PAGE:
Australian severe storms pegged at initial $105m loss, set to rise


Severe thunderstorms that struck the Victoria and Melbourne region of Australia on December 19th, bringing strong winds, large hail and flash flooding, are estimated to have already resulted in over AU $105 million of claims, a figure that is expected to rise significantly.

Large hail image from D-7 RoofingThe Insurance Council of Australia declared a catastrophe for the severe thunderstorms, which are the first in a number of months to have created a loss large enough for insurance and reinsurance interests to be on watch for it.

More than 25,000 claims had been filed by 11am local time on December 21st, which Insurance Council CEO Rob Whelan said would amount to at least an estimated AU $105 million, which is roughly US $81 million.

Whelan said that more claims would be filed in the coming days, as insurers anticipate householders, motorists and small businesses would file once damage had been assessed.

Whelan said, “A significant number of claims is for hail damage to cars and to roofs, while other damage has been caused by water inundating properties.”

The last catastrophic severe storms in Australia were the New South Wales severe thunderstorms and hail event in February, which caused insurance and reinsurance losses of $512 million from 53,720 claims.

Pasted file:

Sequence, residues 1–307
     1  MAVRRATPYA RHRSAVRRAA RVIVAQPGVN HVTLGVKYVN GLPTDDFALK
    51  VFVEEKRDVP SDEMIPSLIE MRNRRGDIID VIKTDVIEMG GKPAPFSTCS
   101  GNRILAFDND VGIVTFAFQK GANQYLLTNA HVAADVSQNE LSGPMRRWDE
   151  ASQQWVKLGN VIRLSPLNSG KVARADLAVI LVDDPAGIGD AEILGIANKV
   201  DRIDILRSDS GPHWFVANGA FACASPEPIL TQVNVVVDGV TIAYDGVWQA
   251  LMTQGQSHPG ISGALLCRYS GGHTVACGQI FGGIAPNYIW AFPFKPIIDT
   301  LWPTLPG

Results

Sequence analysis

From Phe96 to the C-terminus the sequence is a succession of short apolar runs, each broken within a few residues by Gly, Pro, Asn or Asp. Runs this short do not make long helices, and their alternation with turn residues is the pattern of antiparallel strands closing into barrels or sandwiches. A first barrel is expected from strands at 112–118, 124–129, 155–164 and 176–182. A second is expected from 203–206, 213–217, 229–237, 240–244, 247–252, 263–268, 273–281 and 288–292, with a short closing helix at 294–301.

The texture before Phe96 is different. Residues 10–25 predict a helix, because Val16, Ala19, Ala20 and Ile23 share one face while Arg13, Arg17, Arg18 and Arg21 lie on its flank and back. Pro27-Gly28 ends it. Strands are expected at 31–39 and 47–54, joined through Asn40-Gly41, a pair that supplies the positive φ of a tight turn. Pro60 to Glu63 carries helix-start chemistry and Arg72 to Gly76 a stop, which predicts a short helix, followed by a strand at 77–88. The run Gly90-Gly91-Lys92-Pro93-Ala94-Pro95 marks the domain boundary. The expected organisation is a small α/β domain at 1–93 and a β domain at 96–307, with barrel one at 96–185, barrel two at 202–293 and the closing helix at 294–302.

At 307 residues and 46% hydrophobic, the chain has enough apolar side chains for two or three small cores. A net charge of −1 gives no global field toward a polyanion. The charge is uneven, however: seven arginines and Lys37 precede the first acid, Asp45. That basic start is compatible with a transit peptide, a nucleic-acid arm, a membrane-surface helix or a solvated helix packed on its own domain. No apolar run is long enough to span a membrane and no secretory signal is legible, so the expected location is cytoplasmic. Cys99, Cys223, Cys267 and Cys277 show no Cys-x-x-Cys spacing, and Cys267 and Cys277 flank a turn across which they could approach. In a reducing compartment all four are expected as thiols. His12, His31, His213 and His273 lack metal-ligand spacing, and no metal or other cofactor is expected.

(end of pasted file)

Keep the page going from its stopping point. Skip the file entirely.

This Victoria severe thunderstorm and hail event may not reach that high, in terms of insured damages, but it does have the potential to rise significantly.

Reinsurance broker Aon Benfield’s Impact Forecasting unit explained the impacts of the severe storm:

An outbreak of severe thunderstorms formed along the cold front of a deep low pressure area, which was centered south of Australia at the time. The frontal system brought significant cooling to southeastern portions of the country, as maximum daily temperatures plunged by more than 10 degrees Celsius between December 19 and 20. As the temperature boundary approached from the west, several thunderstorms flared up and tracked in general southeastern direction. Multiple urban areas across Victoria were impacted, including Melbourne. Large hail, severe gusts and torrential rainfall were reported.

The storms resulted in widespread hail, wind and flash flood damage across Victoria. At the height of the storms, in the evening of December 19, more than 110,000 power outages were reported due to a significant damage to electricity grid. Tens of thousands homes remained without power on the following day. Further damage was incurred on infrastructure. A landslide in Surrey Hills, Melbourne prompted infrastructure damage a road closure.

Impact on property included damaged roofs and flooded basements due to localized flash flooding in urban areas. Notable motor damage was incurred due to golf-ball sized hail. Beside Melbourne, among the worst affected locations were Mildura and Merbein, Bendigo and Kilmore.

In recent years large and damaging hail from severe thunderstorms in Australia has had an increasing impact on reinsurance and also some ILS fund interests. As the insurance-linked securities (ILS) market expands through collateralized reinsurance, fund managers and ultimately investors are gaining greater exposure to these types of events.

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